Black History Month
- Villanova Student Honors Returning Veterans By Sending Them To Sports Events (5)
- Mayor’s Race Tops Highlighted Contests in Philadelphia Primary (4)
- Rand Paul At WPHT Speaker Series (3)
- African American Civil War Veterans Honored At Dedication Ceremony In Camden (3)
- Mike Costanzo At Home In Middle Of Riversharks’ Order (2)
- Amtrak Service Resumes Between Philadelphia And NYC For First Time Since Derailment (2)
- Flyers Name Dave Hakstol As New Head Coach (2)
- Turzanski On Temple U. Prof Accused Of Selling Research To China: We Should Be Worried, The Chinese Own Everything
- WEATHER: A Nice, Spring-like Memorial Day Weekend
- Weather: A Cool Finish To The Week
- Gosnell Movie Producer: ‘He Has No Remorse, He Considers Himself A Martyr’
- WEATHER: Heat & Humidity A Thing Of The Past — For Now
- Chris Stigall: Goodbye, Mr. Letterman
- State Director Of Pa. Chapter Of Americans For Prosperity: Tax Bill 504 Does Nothing To Address The Real Issues
- A Muggy Start To The Work Week
- Comcast VP On Stephanopoulos And Williams Controversies: ‘Just Because You Are A News Anchor Does Not Mean That You Are Not A Human Being’
- Gary R’Nel: Common Sense Is Nearly Extinct
Latest Philly Black History Month
The more Dumpson studied music and mastered his art, the more he began to wonder about why black composers weren’t in the mainstream of concert repertoire.
Before Linda Cliatt-Wayman changed the game for Strawberry Mansion High School, it had spent six consecutive years on the city’s “most dangerous schools” list.
Three years ago, Donna Frisby-Greenwood became program director for the John S. and James L. Knight Foundation in Philadelphia.
Some Southwest Philadelphia parents are using football to keep kids out of trouble.
In 2006, this former Philadelphia Water Department employee helped to transform a trash-strewn lot on Lancaster Avenue into the urban oasis which is home to the Overbrook Art and Environmental Education Center.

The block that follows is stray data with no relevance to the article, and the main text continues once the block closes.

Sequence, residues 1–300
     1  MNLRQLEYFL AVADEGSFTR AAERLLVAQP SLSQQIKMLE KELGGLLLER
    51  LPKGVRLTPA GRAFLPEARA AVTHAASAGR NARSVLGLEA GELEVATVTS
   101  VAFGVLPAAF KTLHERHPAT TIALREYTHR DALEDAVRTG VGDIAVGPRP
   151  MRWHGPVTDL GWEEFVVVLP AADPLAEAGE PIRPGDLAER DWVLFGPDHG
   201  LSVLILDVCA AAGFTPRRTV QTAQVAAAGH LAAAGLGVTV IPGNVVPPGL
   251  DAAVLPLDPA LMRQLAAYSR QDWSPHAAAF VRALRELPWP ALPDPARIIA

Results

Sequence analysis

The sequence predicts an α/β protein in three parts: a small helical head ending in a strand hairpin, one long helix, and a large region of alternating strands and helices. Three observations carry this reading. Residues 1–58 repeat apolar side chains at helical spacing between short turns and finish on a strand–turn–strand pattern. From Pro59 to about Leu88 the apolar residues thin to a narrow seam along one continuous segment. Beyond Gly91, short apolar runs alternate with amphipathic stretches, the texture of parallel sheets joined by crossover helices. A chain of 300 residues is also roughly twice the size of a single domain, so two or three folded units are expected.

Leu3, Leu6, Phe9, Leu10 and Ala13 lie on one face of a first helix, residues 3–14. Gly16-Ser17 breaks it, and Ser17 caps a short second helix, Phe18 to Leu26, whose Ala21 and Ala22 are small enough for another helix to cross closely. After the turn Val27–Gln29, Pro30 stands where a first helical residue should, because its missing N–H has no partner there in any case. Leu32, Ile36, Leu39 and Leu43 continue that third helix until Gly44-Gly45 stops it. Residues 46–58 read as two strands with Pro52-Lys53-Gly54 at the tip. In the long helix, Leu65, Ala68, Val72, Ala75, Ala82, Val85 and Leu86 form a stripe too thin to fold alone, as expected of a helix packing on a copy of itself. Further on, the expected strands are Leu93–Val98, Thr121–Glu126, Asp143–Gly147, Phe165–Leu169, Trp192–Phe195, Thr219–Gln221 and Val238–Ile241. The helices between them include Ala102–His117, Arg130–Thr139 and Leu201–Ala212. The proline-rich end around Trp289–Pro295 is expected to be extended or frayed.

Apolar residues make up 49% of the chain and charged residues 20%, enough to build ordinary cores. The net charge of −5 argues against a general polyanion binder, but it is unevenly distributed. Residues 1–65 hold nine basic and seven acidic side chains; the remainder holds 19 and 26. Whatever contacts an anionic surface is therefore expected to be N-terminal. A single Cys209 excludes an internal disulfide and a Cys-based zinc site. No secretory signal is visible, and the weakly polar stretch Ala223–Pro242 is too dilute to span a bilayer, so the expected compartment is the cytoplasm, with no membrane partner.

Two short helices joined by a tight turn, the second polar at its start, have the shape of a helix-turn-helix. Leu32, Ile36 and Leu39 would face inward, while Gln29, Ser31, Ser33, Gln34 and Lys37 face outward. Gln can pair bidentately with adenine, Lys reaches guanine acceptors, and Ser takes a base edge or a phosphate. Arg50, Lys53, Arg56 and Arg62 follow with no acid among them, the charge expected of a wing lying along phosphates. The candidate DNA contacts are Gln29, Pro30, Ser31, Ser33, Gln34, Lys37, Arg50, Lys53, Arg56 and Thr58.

She’s only 12, but she is making a difference in her community by gathering donated books for kids who don’t have anything at home to read.
CBS3/CW Philly And KYW Newsradio 1060 Celebrate Black History Month By Showcasing “Philadelphia Gamechangers”
CBS 3, The CW Philly and KYW Newsradio 1060 will highlight 10 individuals who have “changed the game” for the African-American community in the Greater Philadelphia area in celebration of Black History Month.
The founder of the Institute for the Development of African-American Youth lost his eyesight to glaucoma at age 14. But the Trinidad-born scholar says his mother didn’t let his disability stop him.
Here’s where to take part in the celebration of African American history, culture and heritage in the Philadelphia area.
The Philadelphia branch of the NAACP and the antiviolence initiave “Hands Across Philadelphia” are teaming up with the Philadelphia school district to launch a new essay contest focused on black history.
Who do you know who has changed the Black community for the better this past year?
This month has been set aside to study and learn from black history. And two contributors from the area are making their own mark.
Rev. Brian Jenkins and his wife founded Chosen 300 Ministries in 1996, and have been providing meals, prayer sessions, and fellowship for the homeless ever since.
CBS Philly celebrates Black History Month with these profiles of notable Philadelphia “gamechangers,” people and organizations making a difference in the lives of the city’s African-Americans. . By Cherri Gregg PHILADELPHIA (CBS) — The “d’Zert […]